President Donald Trump's angry insistence in the last minutes of Tuesday's debate that there was no way the presidential election could be conducted without fraud amounted to an extraordinary declaration by a sitting American president that he would try to throw any outcome into the courts, Congress or the streets if he was not re-elected.
His comments came after four years of debate about the possibility of foreign interference in the 2020 election and how to counter such disruptions. But they were a stark reminder that the most direct threat to the electoral process now comes from the president of the United States himself.
His unwillingness to say he would abide by the result and his disinformation campaign about the integrity of the American electoral system went beyond anything President Vladimir Putin could have imagined. All Putin has to do now is amplify the president's message, which the Russian leader has already begun to do.
Everything Trump said in his faceoff with Joe Biden he had already delivered in recent weeks, in tweets and rallies with his faithful. But he had never before put it all together in front of such a large audience as he did Tuesday night.
He began the debate with a declaration that balloting already underway was "a fraud and a shame" and proof of "a rigged election."
It quickly became apparent that the president was doing more than simply trying to discredit the mail-in ballots that are being used to ensure voters are not disenfranchised by a pandemic — the same way of voting that five states have used with minimal fraud for years.
He followed it by encouraging his supporters to "go into the polls" and "watch very carefully," which seemed to be code words for a campaign of voter intimidation aimed at those who brave the coronavirus risks of voting in person.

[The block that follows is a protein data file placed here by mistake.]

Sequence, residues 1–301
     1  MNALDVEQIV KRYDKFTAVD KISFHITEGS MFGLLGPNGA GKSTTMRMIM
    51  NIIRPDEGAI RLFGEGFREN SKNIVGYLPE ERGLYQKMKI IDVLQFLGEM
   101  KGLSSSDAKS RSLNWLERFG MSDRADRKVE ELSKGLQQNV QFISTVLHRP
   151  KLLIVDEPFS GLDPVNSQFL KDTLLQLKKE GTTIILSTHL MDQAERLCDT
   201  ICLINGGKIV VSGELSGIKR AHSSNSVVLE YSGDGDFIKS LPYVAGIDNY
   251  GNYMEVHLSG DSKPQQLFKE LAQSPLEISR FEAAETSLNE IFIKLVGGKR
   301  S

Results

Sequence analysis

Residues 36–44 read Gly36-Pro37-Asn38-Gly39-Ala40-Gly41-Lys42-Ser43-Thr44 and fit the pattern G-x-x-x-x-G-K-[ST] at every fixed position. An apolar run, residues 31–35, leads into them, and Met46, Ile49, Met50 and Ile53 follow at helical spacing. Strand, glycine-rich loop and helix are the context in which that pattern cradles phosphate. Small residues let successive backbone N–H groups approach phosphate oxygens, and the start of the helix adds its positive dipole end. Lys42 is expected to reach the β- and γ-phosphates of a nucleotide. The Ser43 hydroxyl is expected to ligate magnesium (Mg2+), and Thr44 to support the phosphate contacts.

And his declaration that the Supreme Court would have to "look at the ballots" and that "we might not know for months because these ballots are going to be all over" seemed to suggest that he will try to place the election in the hands of a court where he has been rushing to cement a conservative majority with his nomination of Judge Amy Coney Barrett.
And if he cannot win there, he has already raised the possibility of using the argument of a fraudulent election to throw the decision to the House of Representatives, where he believes he has an edge, since every state delegation gets one vote in resolving an election with no clear winner. At least for now, 26 of those delegations have a majority of Republican representatives.
What is striking is how Trump's fundamental assessment that the election would be fraudulent differs so sharply from that of some of the officials he has appointed.
Trump himself has provided no evidence to back up his assertions, apart from citing a handful of Pennsylvania ballots discarded in a dumpster — and immediately tracked down and counted by election officials.
Taken together, his attacks on the integrity of the coming election suggested that a country that has successfully run presidential elections since 1788 (a messy first experiment, which stretched just under a month) through civil wars, world wars and natural disasters now faces the gravest challenge in its history to the way it chooses a leader and peacefully transfers power.
"We have never heard a president deliberately cast doubt on an election's integrity this way a month before it happened," said Michael Beschloss, the presidential historian and author of "Presidents of War." "This is the kind of thing we have preached to other countries that they should not do. It reeks of autocracy, not democracy."